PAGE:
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Re: Auto-start service
Re: Auto-start service
Sat, 10 Jul 2021 06:13:17 +0200 (CEST)
> I had to activate the user-level Shepherd by hand in any file that is
> executed when the system is started. In my case I have it in my i3 config.
> You can put it in .xsession like the thread you shared suggests.
*expletives* Call 'shepherd'. That's it. Call 'shepherd'. Goodness
I see now the docs mention this. Yet, because user error (pun intended) is
never my fault (sarcasm), I wonder if the docs might express it more clearly.
The information I overlooked is that Shepherd may (and likely will) be run
concurrently by two or more users (e.g. 'root' and 'Joe Shmoe').
The relevant docs are:
1. The (shepherd) Introduction says,
"""The Shepherd is the “init system” of the GNU operating system—it is the
first user process that gets started, typically with PID 1, and runs as
I believe the phrase "the first user process" might be better as "the first
Are there processes which are not "user processes" within userland? The kernel
starts the init process (i.e. Shepherd). However, because users can access it
as 'root', it can be considered a userland process. Therefore, the edit could
happen without loss of meaning.
When reading the phrase "the first user process", the word "user" stuck with
me. Maybe I read too much Hacker News, but when developers speak of "users", I
interpret it as "a non-developer or someone without access to controls, such as
admin privileges". I read "user" and thought of "unprivileged", despite the
sentence literally saying Shepherd runs as 'root'!
2. The (shepherd) Jump Start says,
"""When ‘shepherd’ gets started, it reads and evaluates a configuration file.
When it is started with superuser privileges, it tries to use
‘/etc/shepherd.scm’. When started as normal user, it looks for a file called
‘$XDG_CONFIG_HOME/shepherd/init.scm’. If the ‘XDG_CONFIG_HOME’ environment
variable is not defined, ‘$HOME/.config/shepherd/init.scm’ is used instead.
With the option ‘--config’ (or, for short, ‘-c’), you can specify where to look
instead. So if you want to start ‘shepherd’ with an alternative file, use one
of the following commands:
shepherd -c /etc/shepherd.scm.old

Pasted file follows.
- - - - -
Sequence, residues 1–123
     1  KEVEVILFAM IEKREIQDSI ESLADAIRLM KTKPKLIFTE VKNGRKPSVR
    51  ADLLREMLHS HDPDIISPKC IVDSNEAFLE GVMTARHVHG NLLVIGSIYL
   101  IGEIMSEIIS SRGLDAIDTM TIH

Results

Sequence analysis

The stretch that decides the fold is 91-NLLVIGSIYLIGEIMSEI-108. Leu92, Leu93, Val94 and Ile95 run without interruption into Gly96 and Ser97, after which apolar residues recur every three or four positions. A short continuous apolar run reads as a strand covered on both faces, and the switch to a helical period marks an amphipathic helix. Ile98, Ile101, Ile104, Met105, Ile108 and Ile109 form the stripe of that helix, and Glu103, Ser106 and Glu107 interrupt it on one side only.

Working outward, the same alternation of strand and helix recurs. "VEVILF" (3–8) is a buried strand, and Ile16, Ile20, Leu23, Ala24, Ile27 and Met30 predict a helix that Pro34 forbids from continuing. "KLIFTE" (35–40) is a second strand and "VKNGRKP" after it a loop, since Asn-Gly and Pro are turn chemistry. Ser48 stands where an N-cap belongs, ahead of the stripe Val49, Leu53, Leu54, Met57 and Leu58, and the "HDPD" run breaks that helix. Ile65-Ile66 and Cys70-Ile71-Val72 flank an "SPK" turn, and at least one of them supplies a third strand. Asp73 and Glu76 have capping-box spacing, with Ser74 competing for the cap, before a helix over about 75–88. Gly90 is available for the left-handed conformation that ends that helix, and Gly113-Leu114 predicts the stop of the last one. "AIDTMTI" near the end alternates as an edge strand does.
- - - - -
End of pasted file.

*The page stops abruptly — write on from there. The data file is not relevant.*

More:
I followed the first and second paragraphs well enough. I placed my init.scm
in the 'normal user' location. I expressly didn't put it in /etc/shepherd.scm
because I knew I was non-root. Although Shepherd starts on init, I overlooked
that it's *not* started for unprivileged users.
Expecting Shepherd to auto-start for unprivileged users comes, in part, from my
experience with systemd. On Debian, I recall being able to run `systemctl
--user restart emacsd` without sudo. There's the --user option, sure.
However, I could manage a service as a non-privileged user and didn't
explicitly need to start systemd. Is there a reason why Shepherd must be
explicitly started as a non-privileged user?
This expectation, and the confusion, was reinforced by the paragraph
immediately following in the docs,
"""As the final “d” suggests, ‘shepherd’ is just a daemon that (usually) runs
in the background, so you will not interact with it directly. After it is
started, ‘shepherd’ will listen on a socket special file, usually
‘/var/run/shepherd/socket’, for further commands. You use the tool “herd” to
send these commands to ‘shepherd’."""
The important fact that Shepherd must be 1) started by an unprivileged user 2)
using the 'shepherd' command is hidden in the conjunction(?) "After it is
started". The manual emphasizes to use 'herd' and that interacting with
Shepherd through the 'shepherd' command is unusual. Yet, isn't starting
Shepherd as a regular user with 'shepherd' the usual approach?
This again begs the question, why isn't Shepherd started for non-privileged
3. Section (shepherd) herd and shepherd says,
"""Thus, you start ‘shepherd’ once, and then always use herd whenever
you want to do something service-related."""
Looking at it now, I see this describes a procedure:
1. Run 'shepherd'
2. Always use 'herd'
It's not mentioned that 'shepherd' isn't automatically started for
non-privileged users. The sentence is also buried in Section 3. Section 2
explicitly says, "It [Section 2] is enough if
you just need the basic features of it [Shepherd]". Is it enough?
I'm happy to provide language suggestions for improving the docs. I feel I
need to understand things a little better first. Maybe the manual needs to
clarify that 'shepherd' must be run by non-privileged users before they can use
services and 'herd'? Maybe 'shepherd' should be setup to automatically run for
non-privileged users so that 'herd' is available immediately?